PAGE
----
In an election for a parliament whose responsibilities are for the United Kingdom as a whole AND, in the current mess of ad hockery, for England. where all other membes of the UK have devolved administrations responsible of varied packages of responsibilities, simple reason requires awareness of the proportionate make-up of the UK in terms of populations.
Recently released 2013 population data shows a rise of almost a million from 2011 in the overall UK population – to 64.10 million.
However, since the 2013 figures for the component populations have not yet been released, the figures below are all based on the 2011 census data which showed the overall UK population then as 63.3 million.
Against that 2011 overall UK figure of 63.3 million:
- England, with a 2011 population of 53.1 million, has 83.88% of the overall UK population.
- Scotland, with a 2011 population of 5.3 million, has 8.37% of the overall UK population.
- Wales, with a 2011 population 3.06 million, has 4.83% of the overall UK population.
- Northern Ireland, with a 2011 of 1.81 million, has 2.85% of the overall UK population.
The UK’s indefensible constitutional hotch potch will be even more skewed when the Smith Commission recomendations for the transfer of substantial additional powers to Scotland get to the Statute Book after the General Election.
In our view, the reality of the current composition of the UK as obvious in the population statistics above and the appallingly skewed devolution of self-determination which will then be the case – with Scotland all but independent and England with no powers whatsoever over its own affairs, makes the case for a change to a federal United Kingdom unanswerable.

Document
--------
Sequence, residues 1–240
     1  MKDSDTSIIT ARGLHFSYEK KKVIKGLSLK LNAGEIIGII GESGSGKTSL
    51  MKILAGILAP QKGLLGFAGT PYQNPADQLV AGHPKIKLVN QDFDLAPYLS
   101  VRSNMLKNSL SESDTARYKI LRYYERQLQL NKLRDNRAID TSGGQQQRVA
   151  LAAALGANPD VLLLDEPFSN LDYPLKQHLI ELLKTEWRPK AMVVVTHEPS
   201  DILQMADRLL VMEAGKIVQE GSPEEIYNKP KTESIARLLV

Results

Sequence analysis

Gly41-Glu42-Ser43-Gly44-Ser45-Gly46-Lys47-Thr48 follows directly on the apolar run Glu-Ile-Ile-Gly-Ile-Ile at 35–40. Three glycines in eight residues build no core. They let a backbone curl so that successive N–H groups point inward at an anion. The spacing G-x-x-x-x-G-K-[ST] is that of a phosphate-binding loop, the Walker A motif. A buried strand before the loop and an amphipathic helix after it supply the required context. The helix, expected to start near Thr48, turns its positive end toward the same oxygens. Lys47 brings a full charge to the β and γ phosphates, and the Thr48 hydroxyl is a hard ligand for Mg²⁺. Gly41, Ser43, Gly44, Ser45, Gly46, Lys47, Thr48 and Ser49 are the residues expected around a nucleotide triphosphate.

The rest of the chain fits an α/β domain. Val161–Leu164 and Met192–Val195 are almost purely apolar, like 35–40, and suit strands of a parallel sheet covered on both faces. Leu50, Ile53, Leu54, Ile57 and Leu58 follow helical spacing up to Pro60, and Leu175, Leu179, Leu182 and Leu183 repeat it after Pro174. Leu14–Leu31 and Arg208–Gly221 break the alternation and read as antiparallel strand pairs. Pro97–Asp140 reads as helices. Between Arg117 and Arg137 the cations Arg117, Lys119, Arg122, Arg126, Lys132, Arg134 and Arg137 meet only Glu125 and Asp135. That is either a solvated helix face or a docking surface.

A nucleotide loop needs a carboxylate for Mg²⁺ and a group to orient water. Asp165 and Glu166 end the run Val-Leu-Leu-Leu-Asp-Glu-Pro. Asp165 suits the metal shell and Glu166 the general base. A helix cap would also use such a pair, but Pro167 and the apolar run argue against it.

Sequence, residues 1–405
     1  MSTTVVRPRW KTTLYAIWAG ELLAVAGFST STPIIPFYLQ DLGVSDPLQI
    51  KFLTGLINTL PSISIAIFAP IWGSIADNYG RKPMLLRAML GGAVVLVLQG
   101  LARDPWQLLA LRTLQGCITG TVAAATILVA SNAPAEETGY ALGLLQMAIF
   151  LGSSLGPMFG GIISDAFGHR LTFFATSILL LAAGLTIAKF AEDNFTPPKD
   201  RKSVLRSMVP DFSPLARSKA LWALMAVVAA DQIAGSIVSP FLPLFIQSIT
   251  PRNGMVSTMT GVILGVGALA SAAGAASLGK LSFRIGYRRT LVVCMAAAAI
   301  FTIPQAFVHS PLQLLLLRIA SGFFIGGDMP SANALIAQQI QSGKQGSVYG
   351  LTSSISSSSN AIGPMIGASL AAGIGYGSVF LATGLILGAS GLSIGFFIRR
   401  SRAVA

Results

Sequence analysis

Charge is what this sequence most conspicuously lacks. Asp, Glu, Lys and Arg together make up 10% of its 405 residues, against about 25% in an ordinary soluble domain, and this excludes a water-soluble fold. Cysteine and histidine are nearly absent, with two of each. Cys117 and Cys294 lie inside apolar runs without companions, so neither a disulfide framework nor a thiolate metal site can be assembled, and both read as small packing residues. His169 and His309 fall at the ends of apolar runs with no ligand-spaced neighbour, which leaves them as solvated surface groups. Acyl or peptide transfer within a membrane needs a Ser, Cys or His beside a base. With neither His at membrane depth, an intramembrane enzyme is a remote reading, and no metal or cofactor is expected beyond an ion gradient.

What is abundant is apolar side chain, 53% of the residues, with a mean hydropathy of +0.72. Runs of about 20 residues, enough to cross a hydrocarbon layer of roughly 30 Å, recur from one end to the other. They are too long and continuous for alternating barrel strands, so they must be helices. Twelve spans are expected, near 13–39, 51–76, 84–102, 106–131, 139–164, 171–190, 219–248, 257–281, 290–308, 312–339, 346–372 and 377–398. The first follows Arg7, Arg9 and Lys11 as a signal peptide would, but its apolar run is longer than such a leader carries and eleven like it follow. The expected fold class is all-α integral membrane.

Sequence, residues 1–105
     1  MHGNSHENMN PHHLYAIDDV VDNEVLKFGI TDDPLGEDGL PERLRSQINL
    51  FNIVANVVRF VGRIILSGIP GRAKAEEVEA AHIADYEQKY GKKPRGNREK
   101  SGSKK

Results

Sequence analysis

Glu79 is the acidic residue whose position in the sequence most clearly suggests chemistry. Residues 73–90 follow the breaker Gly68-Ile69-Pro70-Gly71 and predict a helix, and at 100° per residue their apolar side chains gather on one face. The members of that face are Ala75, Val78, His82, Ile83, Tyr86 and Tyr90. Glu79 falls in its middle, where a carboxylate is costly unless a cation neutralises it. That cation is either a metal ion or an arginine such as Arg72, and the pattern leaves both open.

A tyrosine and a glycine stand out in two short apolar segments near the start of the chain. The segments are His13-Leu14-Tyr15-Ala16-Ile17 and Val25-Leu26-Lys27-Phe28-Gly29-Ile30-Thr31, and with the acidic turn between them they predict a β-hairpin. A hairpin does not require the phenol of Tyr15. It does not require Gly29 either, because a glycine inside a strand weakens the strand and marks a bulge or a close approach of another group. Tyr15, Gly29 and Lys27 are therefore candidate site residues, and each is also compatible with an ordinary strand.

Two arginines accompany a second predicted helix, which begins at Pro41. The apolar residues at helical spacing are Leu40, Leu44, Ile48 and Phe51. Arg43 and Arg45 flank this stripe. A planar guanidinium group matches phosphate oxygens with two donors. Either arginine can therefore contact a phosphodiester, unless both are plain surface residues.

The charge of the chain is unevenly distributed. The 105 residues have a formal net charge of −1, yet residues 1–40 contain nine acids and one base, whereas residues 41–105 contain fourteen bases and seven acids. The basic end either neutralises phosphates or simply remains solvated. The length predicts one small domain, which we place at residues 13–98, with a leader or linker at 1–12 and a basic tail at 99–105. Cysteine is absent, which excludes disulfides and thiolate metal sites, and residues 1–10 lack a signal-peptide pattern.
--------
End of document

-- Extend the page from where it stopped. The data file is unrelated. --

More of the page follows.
Looking at England, with 84% of the UK population
Ofcom notes the following position of the parties [and this material is extracted as a fair overall represenation of the positions given in Ofcom’s full paper]:
‘The three existing major parties (the Conservative Party, the Labour Party and the Liberal Democrats) have each demonstrated:
- significant past electoral support in General Elections in England, all having achieved 22.9% of the vote and above in both 2005 and 2010;
- significant past electoral support in local elections in England, with their lowest share of the popular vote since 2009 being, respectively: the Conservative Party (25.9%); the Labour Party (12.7%) and the Liberal Democrats (11.1%).’
‘Evidence of current support on the basis of the Great Britain-wide polls in 2014, these polls indicated significant support for the Conservative Party (31.3% to 32.6%) and the Labour Party (35.0% to 36.1%). The relevant polls indicateda lower level of support for the Liberal Democrats (8.2% to 8.8%)’
‘UKIP has performed much more strongly in the last two sets of English local elections, in 2013 and 2014, obtaining 19.9% and 15.7% of the vote, respectively, in these years.’
‘UKIP demonstrated significant electoral support in the 2014 European Parliamentary elections, by being the largest party in England with 29.2% of the vote.’
‘In terms of current support, Great Britain-wide opinion polls in 2014 demonstrated significant levels of current support for UKIP over a sustained period with an average polling figure of 13.5% to 13.9%’.
‘In English local elections since 2009, the Green Party has obtained between 3.4% and 6.6% of votes. The Green Party’s average share of the vote in previous elections for mayoral posts has been 4.0%.’
‘The Green Party achieved 8.0% of the vote in the 2014 European
Parliamentary elections in England.’